Over the last 20-30 years, the Environment Agency have been monitoring water quality in the Thames, so these data provide an opportunity to look at trends since the late 1970s. What has happened in the Thames? Has it got any better? Any worse? Stayed the same? How clean is the Thames now compared with the 1970s when it was considered recovered? I have analysed these data to look for trends in key variables that affect water quality of the estuary.




So, when we look at most measures of pollution, the Thames is probably in the cleanest state it has been in living memory, if not more. However, recent years have seen a decrease in the oxygen levels, and more dramatic minimum levels reached? Why might this be?


To understand why we are have continued problems with low oxygen events in the Thames, we have to look at three main factors that combine to influence how much oxygen is in the system and result in the one major remaining pollution issue on the Thames.



One further problem faces the Thames unconnected with storm impacts and dissolved oxygen.


Whatever we do, the estuary and its environment will be affected. A special project (Thames Estuary 2100) has been set up to come up with the best options.

To keep up with what is happening in the Thames, or join in local interest groups, visit the Thames Estuary Partnership’s Thames Web site at:

Prof. Martin J Attrill

Martin Attrill Bibliography of Thames publications


ATTRILL, M.J. ed. (1998). A rehabilitated estuarine ecosystem. The Thames Estuary: environment and ecology. Kluwer Academic Publisher, Dordrecht. 254 pp.

Research Papers

ATTRILL, M.J. & THOMAS, R.M. (1995). Heavy metal concentrations in sediment from the Thames Estuary, U.K. Mar. Pollut. Bull.30 (11): 742-744.

ATTRILL, M.J. & THOMAS, R.M. (1996). Long-term distribution patterns of mobile estuarine invertebrates (Ctenophora, Cnidaria, Crustacea: Decapoda) in relation to hydrological parameters. Mar. Ecol. Prog. Ser.,143: 25-36

ATTRILL, M.J., RUNDLE, S.D. & THOMAS, R.M. (1996). The influence of drought induced low freshwater flow on an upper-estuarine macroinvertebrate community. Water Research, 30 (2): 261-268

ATTRILL, M.J., RAMSAY, P.M., THOMAS, R.M. & TRETT, M.W. (1996). An estuarine biodiversity hot-spot. J.Mar.Biol.Assoc., UK.76: 161-175.

ATTRILL, M.J., BILTON, D., ROWDEN, A.A., RUNDLE, S.D. & THOMAS, R.M. (1999). The impact of encroachment and bankside development on the habitat complexity and supralittoral invertebrate biodiversity of the Thames Estuary foreshore. Aquat.Conserv., 9: 237-247

ATTRILL, M.J., POWER, M. & THOMAS, R.M. (1999). Modelling estuarine Crustacea population fluctuations in response to physico-chemical trends.Mar.Ecol.Prog.Ser.178: 89-99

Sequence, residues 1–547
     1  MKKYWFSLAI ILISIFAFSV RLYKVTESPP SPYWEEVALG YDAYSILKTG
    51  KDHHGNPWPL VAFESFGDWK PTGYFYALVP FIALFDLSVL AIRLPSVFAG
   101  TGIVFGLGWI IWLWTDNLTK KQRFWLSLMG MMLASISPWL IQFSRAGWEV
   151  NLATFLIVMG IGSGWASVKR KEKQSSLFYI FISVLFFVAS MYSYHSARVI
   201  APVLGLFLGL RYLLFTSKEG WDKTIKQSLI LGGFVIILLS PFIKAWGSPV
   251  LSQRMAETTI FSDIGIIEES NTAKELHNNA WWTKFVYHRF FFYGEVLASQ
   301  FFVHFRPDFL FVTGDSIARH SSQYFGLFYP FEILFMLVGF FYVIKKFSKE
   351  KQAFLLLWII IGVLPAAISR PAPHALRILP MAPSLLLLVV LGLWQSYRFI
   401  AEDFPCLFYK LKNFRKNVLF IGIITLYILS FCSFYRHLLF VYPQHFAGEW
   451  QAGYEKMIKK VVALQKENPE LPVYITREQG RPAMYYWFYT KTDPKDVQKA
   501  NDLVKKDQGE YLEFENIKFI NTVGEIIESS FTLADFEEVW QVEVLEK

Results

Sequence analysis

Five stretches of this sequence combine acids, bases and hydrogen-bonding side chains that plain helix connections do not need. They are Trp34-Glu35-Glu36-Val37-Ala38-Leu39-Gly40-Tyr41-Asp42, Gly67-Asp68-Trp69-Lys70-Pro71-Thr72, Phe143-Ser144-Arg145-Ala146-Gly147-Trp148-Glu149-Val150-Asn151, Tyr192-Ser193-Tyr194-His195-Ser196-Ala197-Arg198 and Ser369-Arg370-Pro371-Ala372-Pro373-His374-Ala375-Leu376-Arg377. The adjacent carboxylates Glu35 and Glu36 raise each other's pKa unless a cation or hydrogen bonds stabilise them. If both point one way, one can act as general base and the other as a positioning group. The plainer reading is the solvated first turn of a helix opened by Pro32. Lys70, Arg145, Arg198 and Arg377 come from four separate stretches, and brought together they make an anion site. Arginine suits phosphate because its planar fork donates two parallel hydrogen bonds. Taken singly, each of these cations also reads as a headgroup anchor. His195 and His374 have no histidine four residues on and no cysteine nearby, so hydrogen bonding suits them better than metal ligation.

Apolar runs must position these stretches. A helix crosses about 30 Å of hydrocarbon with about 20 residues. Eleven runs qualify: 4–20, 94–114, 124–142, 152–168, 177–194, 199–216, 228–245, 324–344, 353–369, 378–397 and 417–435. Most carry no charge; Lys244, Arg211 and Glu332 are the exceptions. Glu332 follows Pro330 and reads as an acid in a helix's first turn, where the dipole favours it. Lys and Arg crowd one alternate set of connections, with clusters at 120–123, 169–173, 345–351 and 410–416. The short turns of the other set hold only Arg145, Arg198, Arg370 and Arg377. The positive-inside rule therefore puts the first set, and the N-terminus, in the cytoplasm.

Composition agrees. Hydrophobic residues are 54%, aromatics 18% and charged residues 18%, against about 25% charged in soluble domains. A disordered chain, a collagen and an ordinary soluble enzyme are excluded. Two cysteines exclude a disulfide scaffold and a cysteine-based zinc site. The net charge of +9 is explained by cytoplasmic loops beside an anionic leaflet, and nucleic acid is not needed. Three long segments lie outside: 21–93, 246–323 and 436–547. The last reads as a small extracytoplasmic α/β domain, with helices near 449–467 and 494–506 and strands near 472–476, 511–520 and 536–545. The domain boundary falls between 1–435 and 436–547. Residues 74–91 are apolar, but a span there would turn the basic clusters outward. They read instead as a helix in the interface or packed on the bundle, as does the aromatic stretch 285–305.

POWER, M, ATTRILL, M.J. & THOMAS, R.M. (1999). Heavy metal concentration trends in the Thames Estuary. Water Res.33: 1672-1680.

POWER, M., ATTRILL, M.J. & THOMAS, R.M. (1999). Trends in agricultural pesticide (Atrazine, Simazine, Lindane) concentrations in the Thames Estuary. Environ.Pollut. 104: 31-39.

ATTRILL, M.J., & POWER, M. (2000). Modelling the effect of drought on estuarine water quality. Water Res.34: 1584-1594.

ATTRILL, M.J., & POWER, M. (2000). Effect on invertebrate populations of drought induced changes in estuarine water quality. Mar. Ecol. Prog. Ser.203: 133-143.

POWER, M., ATTRILL, M.J. & THOMAS, R.M (2000). Temporal abundance patterns and growth of juvenile Clupeidae (herring and sprat) from the Thames estuary 1977-1992. J. Fish Biol., 56: 1408-1426.

POWER, M., ATTRILL, M.J. & THOMAS, R.M. (2000). Environmental factors and interactions affecting the temporal abundance of juvenile flatfish in the Thames Estuary. J. Sea Res. 43 (2): 135-149.

POWER, M. & ATTRILL, M.J. (2002). Factors affecting long-term trends in the estuarine abundance of pogge (Agonus cataphractus). Estuar. Coast. Shelf Sci, 54: 941-949

ATTRILL, M.J. (2002). A testable linear model for diversity trends in estuaries. J. Anim. Ecol., 71: 262-269.

POWER, M., ATTRILL, M.J. & THOMAS, R.M. (2002). Environmental influences on the long-term fluctuations in the abundance of gadoid species during estuarine residency. J. Sea Res., 47: 185-194.

ATTRILL, M.J. & POWER, M. (2002). Climatic influence on a marine fish assemblage. Nature417: 275-278.

ATTRILL, M.J. & RUNDLE, S.D. (2002). Ecotone or ecocline: ecological boundaries in estuaries. Estuar. Coast. Shelf Sci, 55: 929-936

POWER, M. & ATTRILL, M.J. (2003). Long-term trends in the estuarine abundance of Nilsson’s Pipefish (Syngnathus rostellatus). Estuar CoastShelf Sci 57: 325-333

ATTRILL, M.J. & POWER, M. (2004). Partitioning of temperature resources amongst an estuarine fish assemblage. Estuar. Coast. Shelf Sci. 61: 725-738.


© Professor Martin Attrill  Gresham College, 16 October 2006